Total War: Atilla Game Review
Available on PC, Mac
For a while Total War vied with Civilization as the PC’s most essential strategy series. From the original Shogun through to 2009’s Empire, Creative Assembly successfully combined impressive 3D graphics with exciting, tactical warfare and an approachable but satisfying framework of conquest and diplomacy. In recent years, however, Total War has lost a little of its grip, losing its mainstream audience while struggling with AI, balance and stability issues that have upset some of its long-term fans.
This latter group should be better pleased by Total War: Attila. While it’s still, on day one, prone to the odd crash here and there, it’s generally a solid, intelligently conceived new chapter. It takes a new, less familiar era – the collapse of the Roman Empire and the heyday of the Goths and Huns – and brings it to life, while mining it for interesting new ideas and game mechanics. If you’re a Total War enthusiast who has already mastered the basics, you’ll be impressed that what’s old is so solid and playable, and that what’s new spices things up a little. And everyone else? Well, that’s where things get difficult.
Attila doesn’t shake up the existing formula too seriously, once again splitting the gameplay between turn-based movement, action and diplomacy on the Grand Campaign map, which inevitably leads to real-time tactical battles when your forces and enemy forces clash. You’ll still find yourself raising armies, conquering settlements, building facilities and researching new upgrades, while handling trade and relations with rival factions and doing your best to maintain a working treasury. However, there are a few big new ideas here that add new layers of detail to Attila, and bring a slightly different flavour to the game.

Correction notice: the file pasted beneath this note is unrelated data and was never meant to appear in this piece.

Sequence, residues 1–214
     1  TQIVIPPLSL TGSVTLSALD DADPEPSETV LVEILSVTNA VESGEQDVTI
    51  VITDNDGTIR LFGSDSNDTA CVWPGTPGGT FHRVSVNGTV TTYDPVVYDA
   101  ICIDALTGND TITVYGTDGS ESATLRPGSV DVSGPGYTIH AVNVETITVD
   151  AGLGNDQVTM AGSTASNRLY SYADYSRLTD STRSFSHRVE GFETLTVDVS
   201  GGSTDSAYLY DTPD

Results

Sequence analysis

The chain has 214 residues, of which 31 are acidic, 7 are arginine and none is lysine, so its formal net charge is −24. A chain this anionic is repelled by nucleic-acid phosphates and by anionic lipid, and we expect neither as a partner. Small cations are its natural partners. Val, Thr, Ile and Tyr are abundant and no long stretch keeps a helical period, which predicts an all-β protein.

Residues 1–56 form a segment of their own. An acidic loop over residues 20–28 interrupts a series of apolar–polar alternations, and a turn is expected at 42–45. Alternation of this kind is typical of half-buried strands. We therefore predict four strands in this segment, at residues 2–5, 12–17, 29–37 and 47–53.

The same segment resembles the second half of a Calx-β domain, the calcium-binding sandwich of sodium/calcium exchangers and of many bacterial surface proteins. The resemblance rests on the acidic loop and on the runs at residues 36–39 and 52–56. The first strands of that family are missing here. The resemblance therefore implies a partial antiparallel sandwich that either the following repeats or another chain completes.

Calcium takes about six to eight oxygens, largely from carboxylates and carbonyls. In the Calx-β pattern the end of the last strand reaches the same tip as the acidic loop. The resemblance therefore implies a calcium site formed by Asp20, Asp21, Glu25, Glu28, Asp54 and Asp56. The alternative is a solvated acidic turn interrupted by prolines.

The key one is the Horde mechanic. Attila’s Huns aren’t the sort of people to build settlements, work on their defences and think about establishing trade routes or advancing knowledge. They’re the sort of people who roam around, attacking anyone who sits still long enough, sacking their cities, then putting their people to the sword. That’s why our new chums, the Huns, operate in Hordes; a sort of combined mobile settlement/army that can switch state between encamped, raiding and migrating modes. Like armies, Hordes have generals and units, but like settlements they have facilities and upgrades.
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Playing as the Huns transforms the pace of Total War. It’s no longer a game of cautious expansion, but one where you need to play more aggressively, steamrollering vulnerable neighbours, looting or razing their cities, then moving on to the next. You’ll need to encamp to rebuilt your armies and climb the tech tree, but sitting still for too long makes you weak and prey to every faction that’s grown tired of your sacking and pillaging (which will be pretty much all of them). What’s more, the Huns aren’t what you’d call an economic powerhouse. An army that isn’t out slaughtering and looting is just a drain on the feeble Hun economy, so you need to keep them out there and nose to their bloody, gore-spattered grindstone.